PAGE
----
The benefits are two-fold:

  1. This reduces feature creep and forces you to focus. Volumes of books have been written on this, and I won’t bore you with the specific details. Staying laser-focus is crucial, regardless of your position.
  2. We humans love instant gratification. If you can release something in 2 weeks, then do it! Plan ahead for what your project should be able to achieve in 2 weeks, and then put it in the hands of your users! It’s a very satisfying feeling, and even if it does fail miserably, at least you stuck to your goal and you’ve now collected valuable feedback to iterate on.

This brings me to my next point.

Collect feedback early

I personally think that we should always aim to release early, release often, and collect feedback as soon as possible.

Of course, I recognize that this is possible primarily for software projects. But hear me out.

Releasing often and releasing early allows you to collect feedback early. Having a healthy feedback loop is a very important, if not the most important, aspect of your project.

The feedback loop for product

You should incorporate a feedback loop early on in your product development so that you know you’re developing the right product for the right people with the right constraints.

It’s equally important to note that releasing early doesn’t mean releasing a broken product. A broken product is never useful for anyone, and that’s just being disrespectful to your users.

You should figure out, and deliver, a minimum-viable-product (MVP), which means the bare minimum way your product should perrom in order to satisfy a need.

One thing to note is that collecting feedback doesn’t mean it needs to be feedback from every single user.

Consider segmenting your users. Get a small set of users, ideally from various backgrounds (and not just friends and family). Get your product in their hands so that if you mess up, at least your other users won’t have realized it yet and you will have time to fix it.

Seek before you ask

A lot of younger engineers tend to ask questions without attempting to find the answers themselves. When they run into something they haven’t encountered before, their first instinct is to ask a senior engineer how it’s done and how to accomplish something.

It will do you a lot of good to seek the answer yourself before asking anyone. The reason is two-fold:

  1. Diving deep allows you to explore areas you might’ve never explored before. It gives you an opportunity to gain exposure and be familiar with a different code base.
  2. As you move to a more senior position, people rely on you for guidance. You will become the senior in the group over-time. People go to you for help and you’ll need to learn this skill later anyway.

Many developers joke that most of their time is spent on Googling and StackOverflow. I wholeheartedly agree with this, but not for reasons you might think.

The ability to find answers to an ambiguous problem is a highly coveted skill. The Internet has developed over time into an easily-accessible treasure trove of information that you can plug into at any time, anywhere, on any device.

Yet, the ability to ask the right questions is much more difficult to acquire than the ability to answer them.

As you move along your professional career, you’ll start to realize that figuring out the right questions will be a skill you need to learn, and if you do master it, it will do you wonders.

Optimize for simplicity

Strive for simplicity in your work and in your life.

Often times I see junior developers work on a coding project and they’ll use abstraction, inheritance, interfaces, and some very interesting frameworks. Yet, in spite of all this fanciness, they’re writing new code that adds more complication than needed.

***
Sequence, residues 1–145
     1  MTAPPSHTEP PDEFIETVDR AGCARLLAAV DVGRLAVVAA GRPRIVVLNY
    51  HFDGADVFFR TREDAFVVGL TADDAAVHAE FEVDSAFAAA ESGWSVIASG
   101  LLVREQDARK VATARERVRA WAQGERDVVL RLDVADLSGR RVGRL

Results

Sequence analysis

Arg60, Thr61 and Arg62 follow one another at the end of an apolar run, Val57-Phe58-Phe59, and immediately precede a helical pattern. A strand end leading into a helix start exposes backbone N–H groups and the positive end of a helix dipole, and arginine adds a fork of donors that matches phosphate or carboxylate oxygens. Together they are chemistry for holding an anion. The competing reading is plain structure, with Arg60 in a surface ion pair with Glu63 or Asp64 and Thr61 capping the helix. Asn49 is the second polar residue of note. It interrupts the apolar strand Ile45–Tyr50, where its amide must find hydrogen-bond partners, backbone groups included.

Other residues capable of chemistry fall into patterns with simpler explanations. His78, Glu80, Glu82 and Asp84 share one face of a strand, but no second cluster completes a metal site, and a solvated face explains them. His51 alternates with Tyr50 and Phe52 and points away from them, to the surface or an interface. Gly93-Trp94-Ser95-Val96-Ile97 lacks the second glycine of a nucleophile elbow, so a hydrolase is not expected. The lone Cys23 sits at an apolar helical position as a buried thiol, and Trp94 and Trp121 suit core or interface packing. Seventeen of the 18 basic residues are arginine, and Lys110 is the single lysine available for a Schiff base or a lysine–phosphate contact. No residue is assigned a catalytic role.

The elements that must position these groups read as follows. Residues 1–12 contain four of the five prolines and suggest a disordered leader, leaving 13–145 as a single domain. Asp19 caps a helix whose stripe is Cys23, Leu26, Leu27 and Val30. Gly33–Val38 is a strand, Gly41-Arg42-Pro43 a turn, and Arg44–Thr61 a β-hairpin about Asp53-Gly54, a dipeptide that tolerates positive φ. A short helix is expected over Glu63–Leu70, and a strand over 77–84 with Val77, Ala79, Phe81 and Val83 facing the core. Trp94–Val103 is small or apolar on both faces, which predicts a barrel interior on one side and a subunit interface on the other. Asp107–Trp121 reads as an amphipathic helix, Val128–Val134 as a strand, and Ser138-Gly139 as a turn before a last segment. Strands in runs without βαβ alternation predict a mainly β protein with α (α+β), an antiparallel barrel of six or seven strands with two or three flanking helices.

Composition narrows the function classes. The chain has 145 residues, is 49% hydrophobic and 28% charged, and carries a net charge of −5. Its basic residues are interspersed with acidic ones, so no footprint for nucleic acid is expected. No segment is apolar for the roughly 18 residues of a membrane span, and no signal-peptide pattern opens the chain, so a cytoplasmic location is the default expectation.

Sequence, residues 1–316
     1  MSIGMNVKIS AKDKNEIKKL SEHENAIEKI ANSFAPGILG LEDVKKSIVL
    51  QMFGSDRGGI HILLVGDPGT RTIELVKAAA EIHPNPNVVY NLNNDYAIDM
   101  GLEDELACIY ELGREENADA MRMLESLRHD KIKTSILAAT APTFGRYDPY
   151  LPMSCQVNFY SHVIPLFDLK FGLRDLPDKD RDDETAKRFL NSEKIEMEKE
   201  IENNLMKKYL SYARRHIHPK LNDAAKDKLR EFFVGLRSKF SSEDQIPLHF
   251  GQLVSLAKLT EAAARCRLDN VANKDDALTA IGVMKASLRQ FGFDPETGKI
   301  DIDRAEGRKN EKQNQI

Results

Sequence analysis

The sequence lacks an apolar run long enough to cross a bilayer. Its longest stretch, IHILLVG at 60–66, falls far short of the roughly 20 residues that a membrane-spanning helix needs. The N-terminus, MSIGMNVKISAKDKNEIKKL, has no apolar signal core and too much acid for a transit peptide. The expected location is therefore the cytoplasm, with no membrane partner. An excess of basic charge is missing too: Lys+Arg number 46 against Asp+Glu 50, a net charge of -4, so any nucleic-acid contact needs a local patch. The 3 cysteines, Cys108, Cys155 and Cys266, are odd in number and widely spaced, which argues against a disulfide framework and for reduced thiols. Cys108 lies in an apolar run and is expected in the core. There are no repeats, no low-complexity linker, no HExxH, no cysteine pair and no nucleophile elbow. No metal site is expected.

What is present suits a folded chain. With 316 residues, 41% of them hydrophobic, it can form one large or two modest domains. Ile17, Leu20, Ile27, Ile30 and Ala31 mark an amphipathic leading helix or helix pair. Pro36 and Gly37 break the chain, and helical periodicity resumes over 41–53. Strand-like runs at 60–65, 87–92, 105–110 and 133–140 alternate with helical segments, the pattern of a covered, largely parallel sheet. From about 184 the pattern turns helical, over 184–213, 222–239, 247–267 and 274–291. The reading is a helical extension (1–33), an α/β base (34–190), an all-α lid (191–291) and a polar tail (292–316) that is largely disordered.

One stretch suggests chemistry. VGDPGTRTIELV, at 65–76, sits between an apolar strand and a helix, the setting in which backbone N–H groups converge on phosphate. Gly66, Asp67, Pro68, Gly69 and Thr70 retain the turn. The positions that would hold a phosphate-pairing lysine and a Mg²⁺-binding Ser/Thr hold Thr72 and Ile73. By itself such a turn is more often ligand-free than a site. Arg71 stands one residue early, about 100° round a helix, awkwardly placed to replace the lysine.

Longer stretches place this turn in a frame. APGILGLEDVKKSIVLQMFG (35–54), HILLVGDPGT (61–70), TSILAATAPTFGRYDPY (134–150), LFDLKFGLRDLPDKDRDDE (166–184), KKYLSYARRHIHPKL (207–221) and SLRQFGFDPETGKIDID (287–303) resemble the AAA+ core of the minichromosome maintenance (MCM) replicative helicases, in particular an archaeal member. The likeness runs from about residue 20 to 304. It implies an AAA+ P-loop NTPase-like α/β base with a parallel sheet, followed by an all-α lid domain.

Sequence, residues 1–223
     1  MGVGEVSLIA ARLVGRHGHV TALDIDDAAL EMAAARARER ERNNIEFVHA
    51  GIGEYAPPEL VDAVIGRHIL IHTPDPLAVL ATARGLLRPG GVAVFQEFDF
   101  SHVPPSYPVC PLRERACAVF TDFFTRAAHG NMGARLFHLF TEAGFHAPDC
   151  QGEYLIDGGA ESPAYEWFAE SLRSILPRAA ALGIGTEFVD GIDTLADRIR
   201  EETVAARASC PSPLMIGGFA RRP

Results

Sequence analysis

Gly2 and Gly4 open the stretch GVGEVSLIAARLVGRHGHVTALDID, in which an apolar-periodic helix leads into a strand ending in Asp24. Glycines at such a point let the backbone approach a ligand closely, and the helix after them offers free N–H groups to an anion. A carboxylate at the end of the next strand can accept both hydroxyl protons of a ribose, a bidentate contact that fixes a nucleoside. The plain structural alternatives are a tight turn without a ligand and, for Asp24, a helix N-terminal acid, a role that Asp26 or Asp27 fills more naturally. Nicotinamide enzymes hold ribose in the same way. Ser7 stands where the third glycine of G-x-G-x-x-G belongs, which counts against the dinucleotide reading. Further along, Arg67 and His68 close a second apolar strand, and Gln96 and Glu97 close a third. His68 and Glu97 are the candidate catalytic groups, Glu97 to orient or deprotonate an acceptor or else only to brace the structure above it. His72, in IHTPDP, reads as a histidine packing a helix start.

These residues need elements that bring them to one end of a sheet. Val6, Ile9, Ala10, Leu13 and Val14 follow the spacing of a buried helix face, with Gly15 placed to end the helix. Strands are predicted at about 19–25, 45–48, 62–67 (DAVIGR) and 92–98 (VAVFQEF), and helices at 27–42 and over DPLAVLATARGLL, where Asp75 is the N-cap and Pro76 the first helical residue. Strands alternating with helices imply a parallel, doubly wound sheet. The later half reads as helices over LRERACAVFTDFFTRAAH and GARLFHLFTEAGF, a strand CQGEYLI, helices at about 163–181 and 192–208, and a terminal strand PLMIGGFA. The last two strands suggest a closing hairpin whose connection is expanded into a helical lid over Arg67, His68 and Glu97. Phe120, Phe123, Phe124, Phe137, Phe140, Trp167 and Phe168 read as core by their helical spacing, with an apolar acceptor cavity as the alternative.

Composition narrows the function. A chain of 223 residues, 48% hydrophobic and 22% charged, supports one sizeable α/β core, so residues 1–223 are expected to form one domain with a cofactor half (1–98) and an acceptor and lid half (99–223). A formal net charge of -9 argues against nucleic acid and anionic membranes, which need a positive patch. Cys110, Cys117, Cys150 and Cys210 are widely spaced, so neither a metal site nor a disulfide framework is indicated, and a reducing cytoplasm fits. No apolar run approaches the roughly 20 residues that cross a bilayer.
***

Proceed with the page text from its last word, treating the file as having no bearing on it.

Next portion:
People who maintain this code are not going to be the same people who write it, most of the time. Any extra layer of complexity added on will make it much more difficult to onboard new engineers.

As you mature as a software engineer, you realize that writing code isn’t just a matter of optimizing for performance but also optimizing for people. It’s just as important to write code that others can reason about easily.

This is where code readability and code organization come into play.

Unless performance is a real concern, always opt for the simpler, cleaner approach.

I believe that simplicity extends to life outside of work as well. Keep your life free of distractions. Reduce the number of unnecessary belongings you have in your life. Focus on things that matter to you. Optimize your life for experiences and not for possessions. These are some of the things to keep in mind as you move through life.

Books I’ve read and resources I’ve enjoyed

  • Principles by Ray Dalio — ? One of the best books I’ve read in a while. The author talks about principles we can apply both in life and at work. I incorporated his framework for solving problems into my daily life
  • How to win friends and influence people — Classic book on building and managing relationships with people ?. This book helped me understand how to manage my relationships in the workplace.
  • The Senior Software Engineer — ? Great book with action items on how to mature as a software engineer. This is where I learned how to Seek before You Ask.
  • Crucial Conversations — Great book on how to deal with people in a high-stakes situation. Very applicable across different aspects of life. Whether it’s negotiating for a higher pay ? or figuring out communication issues with your spouse ?, this book has some good tips on solving those problems.
  • Lean Startup — Good book on how to use a Minimum-Viable-Product (MVP) to test out an idea before investing further. I’ve used this to test out several startup ideas in the past.
  • Purple Cow —? Loved this book. Mainly used this to test different startup ideas I have in mind. It talks about how to market your startup and what makes it standout from the rest.
  • Evernote — Best note-keeping app ? I’ve ever used. Highly recommend it!
  • Moleskin notebook — I really enjoy this one. The quality of it is extremely high. The price is slightly higher, but since I use it on a daily basis, I consider it a good investment. Holding a beautiful notebook in my hands every day makes me more excited to write more notes.
  • Pilot G2 (Black) — Easily the best pens I’ve ever used, and only pens I’ll use. I buy them in bulk from Amazon and keep them around everywhere I go. I have one in my backpack, one in office, and one in my home office so that I always have a pen around. It writes great, the ink flows smoothly, and I just love the feel of writing in it. Coupled with the Moleskin, sometimes I just want to pick up the G2 to jot random things on there because these two are so perfect together.

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If you enjoyed this article, comment below: what is your #1 best tip for a software engineer?